Survey Says: Opting for a Coaching Career is a Sign of Ambition, High Expectations

Aug 16, 2023 | News, Uncategorized

By David Gould, Staff Editor

It’s surely correct to say that the world of golf coaching and training is dominated now by professionals 40 and over, but it’s also common sense to say that the future of the field belongs to coaches who are now in their 30s and 20s. To find out the current attitudes of the up-and-coming generation we surveyed our database of coaches under 40 years old.

Our total number of respondents was 42 (32 males, 10 females) and their median age was near 35. All but a couple have tournament golf records and, somewhat surprisingly, 47 percent have competed either in mini-tours or on the PGA, LPGA, Korn Ferry or Epson Tours. 

Though young in age, this group is mature in the sense of being free of confusion about career path: Over 81 percent are already devoting somewhere between three-quarters and all their time to teaching and coaching.

We asked a question very related to that “time spent” metric: “Which best describes your career path so far, and what you feel lies ahead?” In reply, 41 percent said, “I’m committed to coaching and would like to work at a top academy—and perhaps own an academy someday.” About 27 percent said, “I’m committed to coaching and I’m aiming to work mostly with tour professionals,” while 22 percent answered: “I’m committed to coaching and my main goal is a Director of Instruction position at a public course or private club.”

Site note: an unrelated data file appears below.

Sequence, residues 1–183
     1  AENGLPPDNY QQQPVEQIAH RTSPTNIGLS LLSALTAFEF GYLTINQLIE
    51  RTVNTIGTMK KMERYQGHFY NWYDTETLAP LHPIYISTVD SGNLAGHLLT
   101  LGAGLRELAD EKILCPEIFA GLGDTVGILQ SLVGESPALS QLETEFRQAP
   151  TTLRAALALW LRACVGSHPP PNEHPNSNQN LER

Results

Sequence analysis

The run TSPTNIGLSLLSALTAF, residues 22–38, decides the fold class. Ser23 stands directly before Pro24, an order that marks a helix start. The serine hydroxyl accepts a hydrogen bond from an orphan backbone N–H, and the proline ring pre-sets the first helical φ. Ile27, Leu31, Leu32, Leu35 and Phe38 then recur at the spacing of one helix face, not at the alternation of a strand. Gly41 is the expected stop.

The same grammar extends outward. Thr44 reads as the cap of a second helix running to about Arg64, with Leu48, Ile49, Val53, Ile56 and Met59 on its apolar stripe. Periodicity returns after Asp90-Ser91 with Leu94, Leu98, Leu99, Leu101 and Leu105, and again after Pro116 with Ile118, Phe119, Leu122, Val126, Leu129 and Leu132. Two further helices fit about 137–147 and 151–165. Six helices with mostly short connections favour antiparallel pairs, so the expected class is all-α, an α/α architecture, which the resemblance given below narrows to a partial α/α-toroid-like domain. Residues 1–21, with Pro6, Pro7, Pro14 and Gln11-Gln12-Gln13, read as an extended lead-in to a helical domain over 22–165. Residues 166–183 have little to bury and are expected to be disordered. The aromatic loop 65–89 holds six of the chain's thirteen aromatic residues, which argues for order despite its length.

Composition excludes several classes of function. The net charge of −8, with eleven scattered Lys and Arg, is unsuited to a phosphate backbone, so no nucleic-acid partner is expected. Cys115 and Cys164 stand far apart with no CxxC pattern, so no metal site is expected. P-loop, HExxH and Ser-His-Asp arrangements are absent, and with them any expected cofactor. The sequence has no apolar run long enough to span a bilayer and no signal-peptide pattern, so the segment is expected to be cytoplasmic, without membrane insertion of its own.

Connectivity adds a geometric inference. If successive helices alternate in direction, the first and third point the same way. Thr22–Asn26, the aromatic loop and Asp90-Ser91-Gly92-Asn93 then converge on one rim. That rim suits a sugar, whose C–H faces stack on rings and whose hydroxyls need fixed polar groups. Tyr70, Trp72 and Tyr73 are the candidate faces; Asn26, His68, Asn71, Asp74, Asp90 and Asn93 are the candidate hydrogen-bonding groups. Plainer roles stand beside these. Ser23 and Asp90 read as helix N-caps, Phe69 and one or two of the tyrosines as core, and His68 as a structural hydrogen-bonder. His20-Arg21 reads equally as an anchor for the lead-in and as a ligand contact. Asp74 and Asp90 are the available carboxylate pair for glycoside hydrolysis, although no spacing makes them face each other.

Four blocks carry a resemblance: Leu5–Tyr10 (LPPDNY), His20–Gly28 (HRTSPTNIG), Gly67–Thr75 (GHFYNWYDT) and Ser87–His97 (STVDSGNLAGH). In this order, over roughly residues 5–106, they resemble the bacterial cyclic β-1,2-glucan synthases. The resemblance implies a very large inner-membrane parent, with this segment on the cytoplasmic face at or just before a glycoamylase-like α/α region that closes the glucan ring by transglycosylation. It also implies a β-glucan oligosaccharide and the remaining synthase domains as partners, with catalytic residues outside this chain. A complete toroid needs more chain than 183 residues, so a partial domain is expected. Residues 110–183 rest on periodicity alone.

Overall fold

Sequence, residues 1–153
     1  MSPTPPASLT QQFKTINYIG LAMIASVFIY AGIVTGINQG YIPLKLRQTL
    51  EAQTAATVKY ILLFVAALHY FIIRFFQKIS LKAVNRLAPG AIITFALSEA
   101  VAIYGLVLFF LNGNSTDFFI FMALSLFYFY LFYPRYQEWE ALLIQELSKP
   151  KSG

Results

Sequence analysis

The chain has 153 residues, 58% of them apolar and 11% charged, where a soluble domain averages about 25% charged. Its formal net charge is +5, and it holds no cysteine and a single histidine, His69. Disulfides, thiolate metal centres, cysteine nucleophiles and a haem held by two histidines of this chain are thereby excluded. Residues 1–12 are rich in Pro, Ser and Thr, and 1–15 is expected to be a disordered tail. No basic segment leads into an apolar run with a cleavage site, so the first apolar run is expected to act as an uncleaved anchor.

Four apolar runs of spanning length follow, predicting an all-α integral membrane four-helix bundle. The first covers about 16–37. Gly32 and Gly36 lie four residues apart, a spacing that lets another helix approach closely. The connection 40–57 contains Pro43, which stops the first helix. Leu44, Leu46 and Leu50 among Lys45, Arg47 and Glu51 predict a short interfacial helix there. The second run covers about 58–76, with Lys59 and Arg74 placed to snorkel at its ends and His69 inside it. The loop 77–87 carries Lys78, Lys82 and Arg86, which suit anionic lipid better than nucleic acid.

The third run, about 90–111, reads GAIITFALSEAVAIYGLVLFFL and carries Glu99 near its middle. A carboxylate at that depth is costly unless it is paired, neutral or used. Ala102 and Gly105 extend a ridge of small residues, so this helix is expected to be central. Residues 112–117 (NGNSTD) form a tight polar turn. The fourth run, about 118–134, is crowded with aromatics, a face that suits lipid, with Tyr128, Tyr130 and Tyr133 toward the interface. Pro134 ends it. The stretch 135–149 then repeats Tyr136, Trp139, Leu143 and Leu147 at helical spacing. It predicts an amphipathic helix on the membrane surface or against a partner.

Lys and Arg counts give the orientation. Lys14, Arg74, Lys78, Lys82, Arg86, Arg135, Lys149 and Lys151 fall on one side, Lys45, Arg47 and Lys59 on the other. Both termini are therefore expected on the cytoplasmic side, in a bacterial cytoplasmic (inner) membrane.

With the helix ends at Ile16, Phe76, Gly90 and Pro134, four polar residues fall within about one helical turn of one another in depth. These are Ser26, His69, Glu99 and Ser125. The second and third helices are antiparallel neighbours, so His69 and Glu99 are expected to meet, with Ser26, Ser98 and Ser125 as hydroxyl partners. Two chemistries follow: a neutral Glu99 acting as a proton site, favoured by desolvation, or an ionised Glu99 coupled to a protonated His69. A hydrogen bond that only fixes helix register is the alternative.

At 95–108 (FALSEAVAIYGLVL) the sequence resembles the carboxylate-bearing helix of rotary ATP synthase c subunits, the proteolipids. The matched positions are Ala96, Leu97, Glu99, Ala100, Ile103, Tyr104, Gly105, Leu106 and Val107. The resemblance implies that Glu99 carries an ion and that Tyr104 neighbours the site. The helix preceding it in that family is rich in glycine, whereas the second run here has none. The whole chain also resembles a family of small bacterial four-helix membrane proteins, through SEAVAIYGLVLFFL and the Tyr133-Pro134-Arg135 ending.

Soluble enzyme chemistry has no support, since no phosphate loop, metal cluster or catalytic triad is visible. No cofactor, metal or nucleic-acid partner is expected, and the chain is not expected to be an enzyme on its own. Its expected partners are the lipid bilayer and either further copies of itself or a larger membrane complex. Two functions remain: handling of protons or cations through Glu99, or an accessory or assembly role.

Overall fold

Perhaps the crux of the research came at a question that asked: “Which best describes your feelings about being a golf coach in this era?”

The third of our three response options called upon survey-takers to express quite a bullish attitude toward the future. That response was: “Golf coaching is entering a Golden Age of technological advancement, expanding knowledge and increased credibility. A skilled, hardworking coach can really go places.” It very much caught our eye that 32 out of 42 respondents checked this box—a full 73 percent. Most of the others selected the second option: “It’s a good time to be a golf coach if you’ve got the requisite skills and I personally expect to do well.” 

It’s quite doubtful, in our view, that such sky’s-the-limit optimism was felt by young golf instructors of previous generations.

Did this group go a step further with their upbeat attitude by envisioning a handsome compensation for their coaching efforts? For the most part, yes. We asked: “Which best describes your expectation for annual earnings from golf instruction over the next five years?” An impressive 38 percent said they “expect to earn more than $200,000,” while another 46 percent said they expect to earn between $100,000 and $200,000—again, this is in just the next five years.

We invite our members to read the complete results of the questionnaire, which covers additional topics such as the perceived value of awards and certifications; the prevalence of professional websites for coaching; prospects for work-life balance; specialization in one or another sub-category of golf performance, and; prospects for handling the business-side challenges that any successful coach is likely to face. 

Click Here for Complete Results